In the Philippines, it is not difficult to find a story about resourceful Filipinos who resiliently wade through flood waters and stay strong amidst adversity.
The same could be said for our farmers, who are on the receiving end of typhoons, droughts and other long-term effects of climate change.
The importance of agriculture and farming in the Philippines cannot be emphasized enough. According to the International Institute of Rural Reconstruction (IIRR), agriculture accounts for one-third of employment in the Philippines, making it a key sector.
“The International Food Policy Research Institute (IFPRI) estimates that the agricultural impacts of climate change would cost the country 26 billion pesos per year through 2050,” the IIRR reported. “Being a developing country, the Philippines cannot afford such big losses. Smallholder farmers are the most vulnerable and at risk to the impacts of climate change on livelihoods, food security, and nutrition in rural areas.”
Faced with these challenges, Pinoy farmers, public school teachers and non-government organizations (NGOs) are now using climate-smart agriculture (CSA) to mitigate the effects of climate change in the long run.
The Food and Agriculture Organization of the United Nations (FAO) describes CSA as an approach that helps to guide actions needed to transform and reorient agricultural systems. CSA practices can effectively support development and ensure food security in a changing climate.
“It is about three things: food security, climate adaptation and climate change mitigation,” according to Rene Vidallo, the Philippine Country Program Director of the IIRR. “Agriculture is affected by climate change impacts, but it is also a contributor to it.”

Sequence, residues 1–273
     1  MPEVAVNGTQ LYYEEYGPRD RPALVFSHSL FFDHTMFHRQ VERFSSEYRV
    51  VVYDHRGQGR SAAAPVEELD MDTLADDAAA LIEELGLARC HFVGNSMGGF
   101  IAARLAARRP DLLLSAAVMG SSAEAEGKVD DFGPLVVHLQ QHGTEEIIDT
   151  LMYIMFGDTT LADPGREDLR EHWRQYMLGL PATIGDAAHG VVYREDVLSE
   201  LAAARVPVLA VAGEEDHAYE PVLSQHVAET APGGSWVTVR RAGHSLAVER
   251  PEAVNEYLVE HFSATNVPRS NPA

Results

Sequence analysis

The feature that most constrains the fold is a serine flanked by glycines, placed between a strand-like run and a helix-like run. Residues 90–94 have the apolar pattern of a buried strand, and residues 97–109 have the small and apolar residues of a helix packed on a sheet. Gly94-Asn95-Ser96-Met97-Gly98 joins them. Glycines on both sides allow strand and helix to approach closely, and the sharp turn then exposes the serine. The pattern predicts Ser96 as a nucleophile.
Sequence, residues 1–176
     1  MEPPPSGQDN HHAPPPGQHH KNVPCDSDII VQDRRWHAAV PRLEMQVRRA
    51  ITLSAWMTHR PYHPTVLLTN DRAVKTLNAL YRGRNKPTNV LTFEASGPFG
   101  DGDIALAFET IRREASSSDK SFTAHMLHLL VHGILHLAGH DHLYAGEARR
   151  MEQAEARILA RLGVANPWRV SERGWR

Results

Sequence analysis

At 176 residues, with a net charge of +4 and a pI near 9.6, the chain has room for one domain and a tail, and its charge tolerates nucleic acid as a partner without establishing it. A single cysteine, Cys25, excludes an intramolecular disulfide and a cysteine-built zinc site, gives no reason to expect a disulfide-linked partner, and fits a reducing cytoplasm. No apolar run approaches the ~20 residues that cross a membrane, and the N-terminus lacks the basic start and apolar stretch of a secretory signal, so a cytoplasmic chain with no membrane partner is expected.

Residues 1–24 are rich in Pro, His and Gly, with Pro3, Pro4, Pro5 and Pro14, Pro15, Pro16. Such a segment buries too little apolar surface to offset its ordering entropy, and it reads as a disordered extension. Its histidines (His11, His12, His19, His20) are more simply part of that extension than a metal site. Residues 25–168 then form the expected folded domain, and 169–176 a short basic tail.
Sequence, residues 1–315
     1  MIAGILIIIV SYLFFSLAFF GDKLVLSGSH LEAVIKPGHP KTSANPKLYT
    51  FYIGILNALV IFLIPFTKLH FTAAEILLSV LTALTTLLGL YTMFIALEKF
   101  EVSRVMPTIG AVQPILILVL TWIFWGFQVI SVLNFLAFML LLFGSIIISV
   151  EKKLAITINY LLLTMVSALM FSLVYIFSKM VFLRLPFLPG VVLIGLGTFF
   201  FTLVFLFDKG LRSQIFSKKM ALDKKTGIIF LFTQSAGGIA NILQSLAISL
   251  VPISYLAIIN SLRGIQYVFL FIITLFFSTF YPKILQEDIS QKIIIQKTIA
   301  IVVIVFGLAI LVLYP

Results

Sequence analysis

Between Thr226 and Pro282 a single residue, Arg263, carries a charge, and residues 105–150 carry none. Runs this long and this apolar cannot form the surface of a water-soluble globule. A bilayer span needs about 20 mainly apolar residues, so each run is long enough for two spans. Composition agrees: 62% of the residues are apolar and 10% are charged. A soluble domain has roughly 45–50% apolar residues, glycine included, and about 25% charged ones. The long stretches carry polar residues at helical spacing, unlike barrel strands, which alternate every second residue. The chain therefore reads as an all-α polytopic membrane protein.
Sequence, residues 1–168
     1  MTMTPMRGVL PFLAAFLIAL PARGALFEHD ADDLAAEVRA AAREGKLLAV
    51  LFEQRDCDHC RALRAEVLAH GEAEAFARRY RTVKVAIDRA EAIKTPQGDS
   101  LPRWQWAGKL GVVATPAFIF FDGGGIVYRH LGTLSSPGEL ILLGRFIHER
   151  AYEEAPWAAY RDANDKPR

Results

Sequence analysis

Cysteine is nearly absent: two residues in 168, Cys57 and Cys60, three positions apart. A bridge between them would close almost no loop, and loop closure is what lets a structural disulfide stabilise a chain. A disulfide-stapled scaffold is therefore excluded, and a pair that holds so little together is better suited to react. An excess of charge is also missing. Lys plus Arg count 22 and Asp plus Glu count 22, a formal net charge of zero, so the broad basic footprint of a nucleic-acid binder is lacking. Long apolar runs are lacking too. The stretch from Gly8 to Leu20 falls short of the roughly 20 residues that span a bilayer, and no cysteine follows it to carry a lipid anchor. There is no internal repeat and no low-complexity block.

We’ve listed down a few CSA practices that are currently being adopted in the country, and how they are reducing the effects of climate change:
Mang Julian Aguilar, who has spent almost his entire life as a farmer, owns three hectares’ worth of farms in Barangay Litlit, Cavite. He has been working there since the ‘70s, and has observed and experienced the constant changing of climate.
“There are times when the weather can be very hot. There are other times where it can be very rainy. In the long run, my crops depend on the climate,” Aguilar shared.
He also said that like him, farmers in the area started out as rice farmers who ventured into other crops.
“In the ’70s and ’80s, this entire place was full of rice fields. [As the years went by], we started multi-cropping as we ventured into coffee beans. We thought of multi-cropping because it is a way to ensure that if one crop doesn’t survive, another will.”
Aside from coffee beans–which Aguilar supplies to big companies like Nestle–he has also expanded to other vegetables such as pechay, mustasa (mustard), banana, tomato, chili, papaya and cucumber.
According to the non-profit organization NETZ, multi-layer cropping is a resourceful agricultural technique. It involves planting creeper crops on trellis, over which mature vegetables or trees can be staked.
Native pig farming
“Globally, livestock is the biggest contributor of greenhouse gases at 40.5 percent. In the Philippines, pig production and processing [take up a bulk of GHG emissions],” Vidallo explained, in a lecture to journalists who visited the IIRR in Cavite.
According to a 2019 IIRR brief on Models for Empowering Women Livestock Producers, many consider keeping pigs as an expensive practice. Commercial feeds are costly, are subject to availability, and produce lower quality meat.
However, a group of pig farmers from Guinayangan, Quezon Province were able to find a cost-effective way to reduce GHG emission in raising native pigs.